The commerce which our men had found means to establish with the women of the island rendered them much less obedient to the orders that had been given for the regulation of their conduct on shore, than they were at first. I found it necessary, therefore, to read the articles of war, and I punished James Proctor, the corporal of marines, who had not only quitted his station and insulted the officer, but struck the Master at Arms such a blow as brought him to the ground.

 

The next day, I sent a party up the country to cut wood, and they met with some of the natives, who treated them with great kindness and hospitality. Several of these friendly Indians came on board in our boat, and seemed, both by their dress and behaviour, to be of a superior rank. To these people I paid a particular attention, and to discover what present would most gratify them, I laid down before them a Johannes, a guinea, a crown piece, a Spanish dollar, a few shillings, some new halfpence, and two large nails, making signs that they should take what they liked best. The nails were first seized, with great eagerness, and then a few of the halfpence, but the silver and gold lay neglected. Having presented them, therefore, with some nails and halfpence, I sent them on shore superlatively happy.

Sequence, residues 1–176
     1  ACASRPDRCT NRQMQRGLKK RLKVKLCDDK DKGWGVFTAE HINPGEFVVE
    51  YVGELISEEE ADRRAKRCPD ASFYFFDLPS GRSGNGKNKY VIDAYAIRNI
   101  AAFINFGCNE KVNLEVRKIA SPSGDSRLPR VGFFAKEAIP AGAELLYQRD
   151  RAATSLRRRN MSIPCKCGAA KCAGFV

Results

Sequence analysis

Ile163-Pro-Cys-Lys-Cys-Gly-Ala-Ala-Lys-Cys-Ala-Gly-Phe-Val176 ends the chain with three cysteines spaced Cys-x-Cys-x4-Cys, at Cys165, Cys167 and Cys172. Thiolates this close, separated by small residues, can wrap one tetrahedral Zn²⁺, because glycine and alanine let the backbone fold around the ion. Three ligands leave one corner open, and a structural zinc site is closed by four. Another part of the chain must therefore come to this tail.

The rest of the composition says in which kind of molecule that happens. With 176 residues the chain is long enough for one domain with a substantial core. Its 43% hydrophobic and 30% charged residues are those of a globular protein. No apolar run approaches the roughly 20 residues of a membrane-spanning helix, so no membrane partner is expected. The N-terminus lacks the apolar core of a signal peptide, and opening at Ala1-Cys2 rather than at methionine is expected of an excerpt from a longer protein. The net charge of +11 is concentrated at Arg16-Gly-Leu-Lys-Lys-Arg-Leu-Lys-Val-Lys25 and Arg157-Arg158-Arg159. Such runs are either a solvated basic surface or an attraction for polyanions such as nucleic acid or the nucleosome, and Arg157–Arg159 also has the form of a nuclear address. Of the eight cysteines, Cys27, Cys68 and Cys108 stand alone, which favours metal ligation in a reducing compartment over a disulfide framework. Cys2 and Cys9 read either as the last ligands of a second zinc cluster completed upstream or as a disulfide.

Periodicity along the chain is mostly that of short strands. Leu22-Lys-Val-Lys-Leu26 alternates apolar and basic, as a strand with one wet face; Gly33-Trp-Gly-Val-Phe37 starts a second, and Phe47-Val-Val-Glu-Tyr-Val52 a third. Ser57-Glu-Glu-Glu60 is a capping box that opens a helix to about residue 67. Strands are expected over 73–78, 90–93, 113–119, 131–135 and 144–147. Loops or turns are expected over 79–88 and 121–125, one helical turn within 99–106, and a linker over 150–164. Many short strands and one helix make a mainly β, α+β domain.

From this time, our market was very ill supplied, the Indians refusing to sell provisions at the usual price, and making signs for large nails. It was now thought necessary to look more diligently about the ship, to discover what nails had been drawn; and it was soon found that all the belaying cleats had been ripped off, and that there was scarcely one of the hammock nails left. All hands were now ordered up, and I practised every artifice I could think of to discover the thieves, but without success. I then told them that till the thieves were discovered, not a single man should go on shore: this, however, produced no effect, except that Proctor, the corporal, behaved in a mutinous manner, for which he was instantly punished.